While analyzing secular trends in health care performance in general and for type 2 diabetes targeted risk factors specifically, as done here, is not new, there are a few added bells and whistles here that are noteworthy. No. 1, using the national contemporary data for comparison and contrast is useful in supporting the likelihood that the measured changes in quality performance were driven at least in part by the PHASE program and not just a sign of the evolving care in American medicine.
No. 2, except for the nurse/pharmacist navigator effort, the remainder of the PHASE intervention can largely be automated within a common electronic medical record system, so there is little effort required beyond the programming — and likely substantial clinical benefits for patients and for populations.
I particularly like the quarterly reporting of metrics to each center. When reported in the context of the program average and the top performing centers, this can prove a potent instrument to raise the level of care at each center performing below the top tier. We have used inpatient and outpatient cardiology registries in this way for decades with consistently good results.
Single clinics or centers could relatively easily apply some facets of the PHASE program, but only with the assumption that the results are attributable in part to each of the four parts of the intervention. For example, if a clinic applies all but the nurse/pharmacist part, one cannot be certain from these data what proportion of the improvement might be affected, or is all of the change observed exclusively attributable to the added role/interventions of these dedicated providers? Providers, clinics and systems can be and should be tracking the key evidence-based metrics and feeding back results for continued improvements in such interventions.
Programs like Kaiser Permanente Northern California have tremendous potential to embed research like this into everyday practice. For future such programs, the system might consider “cluster randomization,” with clinics being the unit of randomization to be able to more clearly separate effects of the program from secular trends within the health care system, which may not necessarily be present in the nationwide experience. Then among those randomized to the program, a secondary randomization to apply one, two, three or all four of the components would make it possible to see which is/are most important and which did not contribute at all.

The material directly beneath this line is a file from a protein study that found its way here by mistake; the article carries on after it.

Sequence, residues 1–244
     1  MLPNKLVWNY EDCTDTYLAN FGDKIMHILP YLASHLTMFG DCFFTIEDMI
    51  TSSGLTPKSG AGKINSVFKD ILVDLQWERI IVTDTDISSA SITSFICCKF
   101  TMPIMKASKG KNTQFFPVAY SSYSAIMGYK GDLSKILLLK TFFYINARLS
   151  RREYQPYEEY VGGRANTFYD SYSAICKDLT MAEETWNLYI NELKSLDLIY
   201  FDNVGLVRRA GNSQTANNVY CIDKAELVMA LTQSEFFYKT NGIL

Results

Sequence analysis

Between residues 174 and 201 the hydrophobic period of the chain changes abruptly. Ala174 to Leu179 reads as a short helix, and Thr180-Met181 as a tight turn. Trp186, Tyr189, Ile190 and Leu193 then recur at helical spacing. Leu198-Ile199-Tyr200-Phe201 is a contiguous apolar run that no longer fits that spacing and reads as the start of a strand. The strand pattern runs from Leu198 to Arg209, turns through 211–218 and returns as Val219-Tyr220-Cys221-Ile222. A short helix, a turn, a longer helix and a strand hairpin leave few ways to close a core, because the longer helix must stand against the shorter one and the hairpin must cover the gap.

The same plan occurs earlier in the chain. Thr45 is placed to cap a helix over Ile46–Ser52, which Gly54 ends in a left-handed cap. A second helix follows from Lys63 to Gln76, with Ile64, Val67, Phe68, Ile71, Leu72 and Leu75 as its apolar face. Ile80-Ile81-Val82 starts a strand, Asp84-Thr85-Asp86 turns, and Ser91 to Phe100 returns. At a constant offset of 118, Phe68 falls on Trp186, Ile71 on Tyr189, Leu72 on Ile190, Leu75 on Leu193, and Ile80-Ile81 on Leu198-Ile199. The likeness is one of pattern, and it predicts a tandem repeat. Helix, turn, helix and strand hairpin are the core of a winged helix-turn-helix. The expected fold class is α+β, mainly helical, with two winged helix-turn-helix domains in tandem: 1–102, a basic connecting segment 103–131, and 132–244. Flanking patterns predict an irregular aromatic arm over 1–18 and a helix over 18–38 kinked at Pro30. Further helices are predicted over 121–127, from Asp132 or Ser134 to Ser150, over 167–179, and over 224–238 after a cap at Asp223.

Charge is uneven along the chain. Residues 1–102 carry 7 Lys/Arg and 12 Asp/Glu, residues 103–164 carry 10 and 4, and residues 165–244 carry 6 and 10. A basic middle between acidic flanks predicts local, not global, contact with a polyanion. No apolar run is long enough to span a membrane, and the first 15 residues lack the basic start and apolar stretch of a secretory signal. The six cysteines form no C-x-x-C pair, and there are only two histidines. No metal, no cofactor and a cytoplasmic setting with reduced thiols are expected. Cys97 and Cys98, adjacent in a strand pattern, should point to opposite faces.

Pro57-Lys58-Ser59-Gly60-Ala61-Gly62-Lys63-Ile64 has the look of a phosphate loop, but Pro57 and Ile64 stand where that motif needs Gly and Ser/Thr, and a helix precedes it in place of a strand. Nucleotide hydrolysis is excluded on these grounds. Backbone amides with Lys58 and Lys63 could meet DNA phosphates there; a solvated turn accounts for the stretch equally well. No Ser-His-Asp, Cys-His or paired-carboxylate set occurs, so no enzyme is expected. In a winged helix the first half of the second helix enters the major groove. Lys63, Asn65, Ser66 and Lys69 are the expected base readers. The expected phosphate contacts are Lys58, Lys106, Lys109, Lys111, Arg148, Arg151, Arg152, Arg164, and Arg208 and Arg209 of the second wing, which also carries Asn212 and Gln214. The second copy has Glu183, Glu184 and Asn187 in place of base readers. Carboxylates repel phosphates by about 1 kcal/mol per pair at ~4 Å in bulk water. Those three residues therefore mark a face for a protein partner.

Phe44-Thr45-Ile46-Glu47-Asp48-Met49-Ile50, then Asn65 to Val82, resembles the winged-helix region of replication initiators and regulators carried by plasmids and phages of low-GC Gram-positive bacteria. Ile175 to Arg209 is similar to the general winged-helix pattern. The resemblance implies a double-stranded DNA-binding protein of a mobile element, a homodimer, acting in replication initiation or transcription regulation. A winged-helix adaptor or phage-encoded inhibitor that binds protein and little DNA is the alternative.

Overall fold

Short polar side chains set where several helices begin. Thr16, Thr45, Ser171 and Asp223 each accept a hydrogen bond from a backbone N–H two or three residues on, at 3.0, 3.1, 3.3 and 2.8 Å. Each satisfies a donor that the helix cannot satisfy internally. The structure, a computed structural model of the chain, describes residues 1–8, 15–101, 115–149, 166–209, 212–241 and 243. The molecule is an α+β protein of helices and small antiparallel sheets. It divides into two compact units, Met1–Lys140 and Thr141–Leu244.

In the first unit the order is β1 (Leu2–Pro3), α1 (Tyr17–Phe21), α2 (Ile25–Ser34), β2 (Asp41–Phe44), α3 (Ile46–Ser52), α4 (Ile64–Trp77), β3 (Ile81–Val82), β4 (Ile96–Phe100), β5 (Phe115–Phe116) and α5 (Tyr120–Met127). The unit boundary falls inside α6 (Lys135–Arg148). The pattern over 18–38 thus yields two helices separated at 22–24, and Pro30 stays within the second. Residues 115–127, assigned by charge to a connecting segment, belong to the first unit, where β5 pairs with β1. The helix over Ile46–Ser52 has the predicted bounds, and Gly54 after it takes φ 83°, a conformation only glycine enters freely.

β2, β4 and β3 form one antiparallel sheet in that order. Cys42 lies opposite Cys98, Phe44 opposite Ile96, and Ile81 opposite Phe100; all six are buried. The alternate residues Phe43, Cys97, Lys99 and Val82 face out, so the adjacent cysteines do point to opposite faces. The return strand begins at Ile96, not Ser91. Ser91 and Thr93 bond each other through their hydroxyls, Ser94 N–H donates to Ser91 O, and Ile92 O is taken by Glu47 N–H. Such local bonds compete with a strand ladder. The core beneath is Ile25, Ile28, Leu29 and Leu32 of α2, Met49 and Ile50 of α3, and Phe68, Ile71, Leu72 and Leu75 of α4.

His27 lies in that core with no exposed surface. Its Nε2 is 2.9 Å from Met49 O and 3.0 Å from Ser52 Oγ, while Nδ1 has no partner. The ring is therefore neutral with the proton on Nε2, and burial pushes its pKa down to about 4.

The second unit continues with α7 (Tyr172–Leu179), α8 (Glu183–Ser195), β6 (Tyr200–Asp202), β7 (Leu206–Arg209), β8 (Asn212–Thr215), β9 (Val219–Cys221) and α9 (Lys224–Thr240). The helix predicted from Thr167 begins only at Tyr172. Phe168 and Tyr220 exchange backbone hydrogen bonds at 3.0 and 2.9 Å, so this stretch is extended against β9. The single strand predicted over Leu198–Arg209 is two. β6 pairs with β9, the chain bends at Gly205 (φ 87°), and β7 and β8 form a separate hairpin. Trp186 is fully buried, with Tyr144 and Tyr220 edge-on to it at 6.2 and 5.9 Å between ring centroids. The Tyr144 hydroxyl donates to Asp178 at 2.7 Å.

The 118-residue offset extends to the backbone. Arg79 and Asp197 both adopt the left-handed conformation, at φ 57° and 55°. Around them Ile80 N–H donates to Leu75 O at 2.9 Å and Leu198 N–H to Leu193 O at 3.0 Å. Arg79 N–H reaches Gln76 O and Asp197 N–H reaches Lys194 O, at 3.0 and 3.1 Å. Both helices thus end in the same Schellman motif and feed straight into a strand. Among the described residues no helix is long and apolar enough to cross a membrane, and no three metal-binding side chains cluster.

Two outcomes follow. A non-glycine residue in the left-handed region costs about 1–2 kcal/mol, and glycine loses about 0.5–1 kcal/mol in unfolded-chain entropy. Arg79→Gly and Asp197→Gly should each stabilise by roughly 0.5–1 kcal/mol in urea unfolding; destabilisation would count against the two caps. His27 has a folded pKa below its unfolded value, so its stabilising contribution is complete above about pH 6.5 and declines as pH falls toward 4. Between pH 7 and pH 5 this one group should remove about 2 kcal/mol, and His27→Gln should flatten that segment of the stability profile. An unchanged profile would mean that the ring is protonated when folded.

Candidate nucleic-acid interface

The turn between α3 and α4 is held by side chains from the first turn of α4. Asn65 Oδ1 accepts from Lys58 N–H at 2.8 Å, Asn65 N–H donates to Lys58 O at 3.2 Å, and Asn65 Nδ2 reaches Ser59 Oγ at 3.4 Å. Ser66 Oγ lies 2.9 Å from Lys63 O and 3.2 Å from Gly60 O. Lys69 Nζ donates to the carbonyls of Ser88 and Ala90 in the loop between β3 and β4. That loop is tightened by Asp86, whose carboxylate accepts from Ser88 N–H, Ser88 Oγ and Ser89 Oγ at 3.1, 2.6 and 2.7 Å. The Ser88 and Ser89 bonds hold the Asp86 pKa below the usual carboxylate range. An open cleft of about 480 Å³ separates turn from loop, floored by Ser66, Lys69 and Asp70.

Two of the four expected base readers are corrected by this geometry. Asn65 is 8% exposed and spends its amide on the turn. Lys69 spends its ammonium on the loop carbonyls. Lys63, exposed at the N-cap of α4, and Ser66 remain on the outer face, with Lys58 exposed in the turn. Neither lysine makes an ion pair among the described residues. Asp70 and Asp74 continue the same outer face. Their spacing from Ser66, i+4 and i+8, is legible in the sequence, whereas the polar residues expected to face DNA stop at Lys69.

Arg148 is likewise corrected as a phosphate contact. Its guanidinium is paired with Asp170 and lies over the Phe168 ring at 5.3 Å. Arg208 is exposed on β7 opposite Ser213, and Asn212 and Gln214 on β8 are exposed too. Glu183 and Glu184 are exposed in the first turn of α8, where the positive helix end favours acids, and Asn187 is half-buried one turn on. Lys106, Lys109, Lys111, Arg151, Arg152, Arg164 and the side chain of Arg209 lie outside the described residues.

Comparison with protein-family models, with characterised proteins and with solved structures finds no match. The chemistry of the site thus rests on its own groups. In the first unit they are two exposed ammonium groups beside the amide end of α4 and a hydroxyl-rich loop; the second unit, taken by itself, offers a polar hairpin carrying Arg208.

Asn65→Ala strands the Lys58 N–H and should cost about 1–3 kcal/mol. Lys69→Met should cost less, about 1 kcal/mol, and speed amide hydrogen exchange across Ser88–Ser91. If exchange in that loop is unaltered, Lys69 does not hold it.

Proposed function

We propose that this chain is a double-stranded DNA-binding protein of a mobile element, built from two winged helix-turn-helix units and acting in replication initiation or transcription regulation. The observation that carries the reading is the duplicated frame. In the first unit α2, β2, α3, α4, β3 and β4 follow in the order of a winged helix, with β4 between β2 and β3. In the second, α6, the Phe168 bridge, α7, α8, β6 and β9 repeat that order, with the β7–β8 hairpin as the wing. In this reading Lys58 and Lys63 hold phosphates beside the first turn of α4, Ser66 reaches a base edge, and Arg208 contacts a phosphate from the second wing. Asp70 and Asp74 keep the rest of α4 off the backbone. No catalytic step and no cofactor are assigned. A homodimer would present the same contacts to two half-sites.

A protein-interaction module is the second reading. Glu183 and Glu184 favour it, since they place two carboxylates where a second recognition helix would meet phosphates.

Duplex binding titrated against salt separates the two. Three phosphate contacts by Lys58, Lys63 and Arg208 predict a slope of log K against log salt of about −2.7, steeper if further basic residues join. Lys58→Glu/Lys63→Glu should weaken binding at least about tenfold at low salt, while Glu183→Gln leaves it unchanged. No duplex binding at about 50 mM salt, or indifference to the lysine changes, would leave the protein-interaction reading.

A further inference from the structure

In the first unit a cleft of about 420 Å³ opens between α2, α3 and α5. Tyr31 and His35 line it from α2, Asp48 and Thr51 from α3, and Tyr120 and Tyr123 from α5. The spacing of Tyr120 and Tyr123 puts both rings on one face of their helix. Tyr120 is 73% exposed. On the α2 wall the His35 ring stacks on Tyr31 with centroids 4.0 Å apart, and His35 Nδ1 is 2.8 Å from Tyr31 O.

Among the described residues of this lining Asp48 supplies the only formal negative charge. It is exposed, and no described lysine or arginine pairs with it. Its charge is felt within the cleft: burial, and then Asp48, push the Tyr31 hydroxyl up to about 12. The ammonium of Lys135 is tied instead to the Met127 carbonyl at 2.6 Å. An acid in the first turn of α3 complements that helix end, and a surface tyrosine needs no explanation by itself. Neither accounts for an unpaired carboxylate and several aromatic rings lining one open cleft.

First, though hyperglycemia is a prognostic risk factor for atherosclerotic vascular disease, pharmacological interventions targeting improved blood glucose have not yielded atherosclerotic CVD benefits. While important for microvascular disease risk mitigation, and in that context, quality patient care, the reporting, as is done here, tends to perpetuate the misperception that glycemic control is a metric of quality CV care. This bias of the authors is reflected in the ordered presentation throughout the report: “glucose, cholesterol and blood pressure.”
Also, acknowledging the intervention began in the early 2000s, the thresholds used to identify targeted LDL and BP are debatable — which was the case even when the program started. Most would consider LDL < 70 mg/dL and BP below 130 mm Hg systolic/80 mm Hg diastolic more evidence-based and more potent atherosclerotic CVD prevention targets. The authors might have addressed this by meeting in the middle and, in addition to the data presented that they selected a priori, could have also reported the frequency of achieving these more aggressive targets. Capitalizing on what are missed opportunities for a more global assessment of atherosclerotic CVD prevention in type 2 diabetes would have meant analyzing the frequency of use of ACE inhibitors or angiotensin receptor blockers independent of BP, the frequency of use of daily aspirin for the highest-risk patients at least for those with prevalent atherosclerotic CVD and the frequency of smoking abstinence or, for those actively smoking, the frequency of counseling or referral for cessation programs.
Darren McGuire, MD
Cardiology Today Editorial Board Member
UT Southwestern Medical Center
Disclosures: McGuire reports he consults for AstraZeneca, Boehringer Ingelheim, Lilly USA, Merck, Metavant, Novo Nordisk, Pfizer and Sanofi Aventis and has clinical trial leadership with AstraZeneca, Boehringer Ingelheim, GlaxoSmithKline, Janssen, Lexicon Pharmaceuticals, Merck, Novo Nordisk and Sanofi Aventis.